I’ve seen gluten free beers around town, and tried a couple. It was nice to have the option, but I was never terribly impressed. One day I decided to compare them, so I did an internet search and pulled together a couple GF options. My brother and I (both gluten free) had an informal tasting, for our own information. But due to our novice knowledge of this strange and wonderful beverage, we really only succeeded in selecting our favorites. After conversations with several gluten free friends, and after discovering a couple other gluten free beers, I decided I wanted to do a more thorough investigation. I’m including my findings here, but I highly encourage you to try this at home! Both for the sake of the knowledge it will provide you, and because it’s just plain fun. And your friends will think it’s the best idea you ever had.

Because of my inexperience with beer in general, I brought in a posse of beer-loving, non-gluten-free friends and experts to consult on this important experiment. Here’s what we came up with (in the order we sampled them)! (Editor’s note: They sampled the beers from light to dark, so they end up being listed in roughly that order.)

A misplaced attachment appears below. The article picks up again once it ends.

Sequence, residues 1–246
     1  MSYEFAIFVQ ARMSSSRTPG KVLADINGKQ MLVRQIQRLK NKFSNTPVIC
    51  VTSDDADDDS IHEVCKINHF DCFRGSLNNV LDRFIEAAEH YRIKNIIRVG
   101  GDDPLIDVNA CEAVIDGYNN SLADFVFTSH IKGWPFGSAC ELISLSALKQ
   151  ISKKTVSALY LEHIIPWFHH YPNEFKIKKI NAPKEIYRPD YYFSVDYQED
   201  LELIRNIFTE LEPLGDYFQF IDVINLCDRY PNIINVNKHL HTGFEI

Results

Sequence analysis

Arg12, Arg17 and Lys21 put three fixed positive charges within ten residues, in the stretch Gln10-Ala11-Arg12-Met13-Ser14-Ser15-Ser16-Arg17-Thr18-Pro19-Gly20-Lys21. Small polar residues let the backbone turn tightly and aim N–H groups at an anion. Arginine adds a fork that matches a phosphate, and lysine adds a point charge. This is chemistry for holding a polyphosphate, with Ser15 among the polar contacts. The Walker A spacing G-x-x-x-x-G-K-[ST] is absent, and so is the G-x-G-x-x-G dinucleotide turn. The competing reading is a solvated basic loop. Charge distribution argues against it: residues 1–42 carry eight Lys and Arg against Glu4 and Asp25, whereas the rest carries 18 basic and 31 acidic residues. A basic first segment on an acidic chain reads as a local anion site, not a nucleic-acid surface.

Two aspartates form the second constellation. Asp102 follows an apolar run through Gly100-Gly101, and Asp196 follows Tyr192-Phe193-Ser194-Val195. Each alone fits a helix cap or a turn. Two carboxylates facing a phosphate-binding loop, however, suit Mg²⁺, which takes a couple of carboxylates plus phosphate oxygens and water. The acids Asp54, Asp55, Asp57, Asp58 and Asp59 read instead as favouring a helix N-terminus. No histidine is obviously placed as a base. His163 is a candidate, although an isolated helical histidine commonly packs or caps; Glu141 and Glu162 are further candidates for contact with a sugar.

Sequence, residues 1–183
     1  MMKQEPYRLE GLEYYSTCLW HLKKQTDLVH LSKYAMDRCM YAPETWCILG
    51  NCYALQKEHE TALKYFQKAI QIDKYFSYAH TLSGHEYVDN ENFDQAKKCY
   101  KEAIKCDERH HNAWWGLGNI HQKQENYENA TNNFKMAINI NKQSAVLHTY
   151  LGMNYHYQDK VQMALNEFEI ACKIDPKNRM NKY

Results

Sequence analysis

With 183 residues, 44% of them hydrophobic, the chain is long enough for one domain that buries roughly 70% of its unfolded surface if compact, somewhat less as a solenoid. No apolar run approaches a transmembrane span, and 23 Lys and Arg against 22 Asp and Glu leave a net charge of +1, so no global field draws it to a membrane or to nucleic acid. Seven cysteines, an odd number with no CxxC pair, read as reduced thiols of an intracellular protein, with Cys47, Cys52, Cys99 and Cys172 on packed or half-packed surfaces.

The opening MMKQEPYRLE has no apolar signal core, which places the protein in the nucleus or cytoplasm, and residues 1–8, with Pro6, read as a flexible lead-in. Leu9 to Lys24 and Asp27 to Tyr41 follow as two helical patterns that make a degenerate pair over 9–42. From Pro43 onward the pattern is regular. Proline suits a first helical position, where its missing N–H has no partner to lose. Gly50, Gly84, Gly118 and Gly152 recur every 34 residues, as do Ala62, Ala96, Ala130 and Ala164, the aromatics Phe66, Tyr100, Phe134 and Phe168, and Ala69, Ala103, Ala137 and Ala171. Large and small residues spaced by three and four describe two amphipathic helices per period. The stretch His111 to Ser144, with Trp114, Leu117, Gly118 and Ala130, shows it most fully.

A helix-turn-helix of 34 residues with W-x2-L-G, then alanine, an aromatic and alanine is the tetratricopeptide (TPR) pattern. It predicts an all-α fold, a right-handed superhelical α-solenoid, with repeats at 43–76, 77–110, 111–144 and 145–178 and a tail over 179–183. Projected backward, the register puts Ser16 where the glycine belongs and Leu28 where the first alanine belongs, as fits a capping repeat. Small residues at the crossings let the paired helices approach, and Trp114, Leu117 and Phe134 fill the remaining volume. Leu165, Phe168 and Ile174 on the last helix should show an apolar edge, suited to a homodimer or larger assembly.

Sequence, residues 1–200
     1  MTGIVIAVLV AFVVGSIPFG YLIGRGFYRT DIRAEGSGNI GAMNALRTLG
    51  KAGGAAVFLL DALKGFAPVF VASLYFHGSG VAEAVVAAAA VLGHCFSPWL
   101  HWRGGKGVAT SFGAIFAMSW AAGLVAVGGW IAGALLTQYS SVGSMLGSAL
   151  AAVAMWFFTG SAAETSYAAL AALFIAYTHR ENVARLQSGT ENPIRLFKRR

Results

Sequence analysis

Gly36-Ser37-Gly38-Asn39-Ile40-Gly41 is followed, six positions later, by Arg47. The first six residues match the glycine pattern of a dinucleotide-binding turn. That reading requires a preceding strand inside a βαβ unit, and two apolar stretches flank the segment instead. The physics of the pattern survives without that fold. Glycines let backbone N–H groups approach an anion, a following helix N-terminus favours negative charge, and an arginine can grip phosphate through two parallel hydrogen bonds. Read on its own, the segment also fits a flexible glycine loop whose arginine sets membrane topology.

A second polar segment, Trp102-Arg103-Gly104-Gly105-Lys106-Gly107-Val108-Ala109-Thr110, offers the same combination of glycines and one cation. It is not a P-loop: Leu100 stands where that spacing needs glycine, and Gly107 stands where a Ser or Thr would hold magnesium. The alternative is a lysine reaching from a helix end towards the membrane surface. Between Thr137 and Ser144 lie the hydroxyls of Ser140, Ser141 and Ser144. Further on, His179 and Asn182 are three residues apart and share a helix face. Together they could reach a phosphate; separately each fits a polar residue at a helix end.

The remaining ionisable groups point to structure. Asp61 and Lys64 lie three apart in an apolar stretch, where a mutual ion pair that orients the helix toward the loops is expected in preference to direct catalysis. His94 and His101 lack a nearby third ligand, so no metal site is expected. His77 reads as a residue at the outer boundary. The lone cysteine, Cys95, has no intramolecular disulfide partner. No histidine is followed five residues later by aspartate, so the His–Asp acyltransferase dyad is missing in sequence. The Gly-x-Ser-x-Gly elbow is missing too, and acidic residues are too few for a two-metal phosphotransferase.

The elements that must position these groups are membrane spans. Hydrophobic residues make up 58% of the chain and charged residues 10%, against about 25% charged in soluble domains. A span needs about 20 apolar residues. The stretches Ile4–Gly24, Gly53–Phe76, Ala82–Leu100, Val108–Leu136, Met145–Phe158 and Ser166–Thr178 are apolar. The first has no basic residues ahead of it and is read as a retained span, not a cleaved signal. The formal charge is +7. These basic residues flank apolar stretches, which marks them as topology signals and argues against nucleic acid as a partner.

1) Estrella Damm Daura
This pale, smooth beer has hints of apple. A mild, gentle flavor, with a bitter finish. Not bad, but it didn’t hit the top two list of anyone in the party. Also, I understand it’s made with barley, and has the gluten removed to under 6ccs. Not sure how that works for someone who is extremely sensitive, but it sounds like a risk that might not be worth it for the mild taste. I recommend hitting a hard cider instead if you want this sort of flavor.

2) Green’s Triple Blond
This one was much more complex than the Estrella, and didn’t have the bitter aftertaste. It was sweet, fruity, and smelled of apple. One of the tasters thought it had hints of vodka, but that could be from the high alcohol content. It was almost reminiscent of a sparkling wine. I really liked it, and I’m not usually a fan of the paler beers.